Shares of American Airlines Group (AAL 3.55%) climbed nearly 5% higher on Friday after a Wall Street analyst took the stock out of the penalty box. The last 12 months have been tough for American and other airlines, but it appears the company is finally on the mend.
American and other airlines have struggled to fly through the pandemic, with the entire industry sliding into the red in 2020 due to a lack of travel demand. But as vaccine counts rise, there is optimism that travelers are returning, and investors since last fall have been warming to the sector.
American earlier in the week reported a first-quarter loss but said it is implementing an aggressive recovery plan to tap into expected demand. Equally important is the airline's claim that after loading up its balance sheet with significant debt in 2020 to survive the crisis, it has no further plans to raise liquidity and intends to use future cash flow to reduce its debt total.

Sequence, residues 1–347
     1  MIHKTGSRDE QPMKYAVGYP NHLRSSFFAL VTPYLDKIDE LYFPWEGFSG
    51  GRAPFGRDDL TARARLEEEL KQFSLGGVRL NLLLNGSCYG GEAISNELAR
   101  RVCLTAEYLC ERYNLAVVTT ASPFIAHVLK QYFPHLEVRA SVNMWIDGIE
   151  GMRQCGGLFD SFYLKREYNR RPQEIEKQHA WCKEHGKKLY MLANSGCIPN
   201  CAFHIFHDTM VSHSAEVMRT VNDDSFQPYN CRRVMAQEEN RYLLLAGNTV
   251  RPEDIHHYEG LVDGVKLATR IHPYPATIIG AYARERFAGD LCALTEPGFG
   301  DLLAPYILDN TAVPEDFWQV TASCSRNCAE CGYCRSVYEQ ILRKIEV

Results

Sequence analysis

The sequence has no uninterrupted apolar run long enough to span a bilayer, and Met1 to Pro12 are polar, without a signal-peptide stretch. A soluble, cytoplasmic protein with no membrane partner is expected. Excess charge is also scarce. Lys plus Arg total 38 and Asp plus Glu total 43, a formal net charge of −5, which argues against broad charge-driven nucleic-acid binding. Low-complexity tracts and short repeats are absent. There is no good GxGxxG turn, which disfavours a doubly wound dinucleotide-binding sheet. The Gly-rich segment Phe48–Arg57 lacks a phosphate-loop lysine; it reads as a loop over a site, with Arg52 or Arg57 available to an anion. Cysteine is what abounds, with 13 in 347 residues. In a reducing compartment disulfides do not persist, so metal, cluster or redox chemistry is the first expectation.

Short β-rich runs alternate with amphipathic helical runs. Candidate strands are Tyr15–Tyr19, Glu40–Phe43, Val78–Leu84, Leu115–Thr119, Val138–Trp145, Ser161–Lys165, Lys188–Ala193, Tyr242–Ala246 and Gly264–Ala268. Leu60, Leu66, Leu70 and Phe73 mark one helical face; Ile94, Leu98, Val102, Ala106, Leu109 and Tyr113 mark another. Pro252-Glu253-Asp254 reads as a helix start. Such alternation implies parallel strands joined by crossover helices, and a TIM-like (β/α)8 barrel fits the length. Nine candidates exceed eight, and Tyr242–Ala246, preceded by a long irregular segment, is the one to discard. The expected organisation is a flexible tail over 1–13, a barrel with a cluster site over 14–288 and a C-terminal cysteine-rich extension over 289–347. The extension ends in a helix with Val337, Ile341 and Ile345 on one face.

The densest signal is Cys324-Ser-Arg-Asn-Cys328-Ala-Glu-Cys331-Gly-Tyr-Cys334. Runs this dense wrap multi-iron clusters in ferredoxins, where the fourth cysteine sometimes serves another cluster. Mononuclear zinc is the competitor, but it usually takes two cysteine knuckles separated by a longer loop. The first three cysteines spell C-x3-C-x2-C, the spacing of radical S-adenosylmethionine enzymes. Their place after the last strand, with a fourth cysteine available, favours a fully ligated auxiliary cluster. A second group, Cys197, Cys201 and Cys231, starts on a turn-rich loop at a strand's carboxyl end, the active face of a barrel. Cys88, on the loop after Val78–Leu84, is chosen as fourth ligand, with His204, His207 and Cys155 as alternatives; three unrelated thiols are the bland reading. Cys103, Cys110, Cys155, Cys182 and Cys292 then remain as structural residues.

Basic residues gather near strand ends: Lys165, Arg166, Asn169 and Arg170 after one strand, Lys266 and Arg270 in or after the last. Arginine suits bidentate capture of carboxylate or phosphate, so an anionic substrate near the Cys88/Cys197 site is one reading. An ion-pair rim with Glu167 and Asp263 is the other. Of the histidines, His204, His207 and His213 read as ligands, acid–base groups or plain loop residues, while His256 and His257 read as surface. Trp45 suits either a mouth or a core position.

Raymond James analyst Savanthi Syth on Friday upgraded the stock to market perform from underperform. Syth said in a research report that the recent sell-off in the shares provides a more balanced risk/reward profile. The analyst added that she is encouraged by American's efforts to improve profitability.
According to Syth, a domestic recovery, coupled with continued government funds and potential pension relief, has lowered the risks confronting American since she downgraded the stock back in November.
American is recovering, and I tend to agree with Syth that the downside from here is limited. A year ago, serious questions were being asked about the airline's ability to survive the crisis. Now, the most pressing issue is how quickly it will be able to recover.
Still, that's a tough question to answer. American appears ready to aggressively chase any and all passengers looking to fly this summer, running the risk of prioritizing revenue over profitability. Unfortunately, a lot of those efforts to improve profitability Syth mentioned are still in their early stages, and there are other airlines, including Spirit Airlines, that are better positioned to win fare wars.
American is a survivor, but it might be a while before the airline is an outperformer. I'd advise caution on the shares until the airline gets closer to hitting its profitability goals.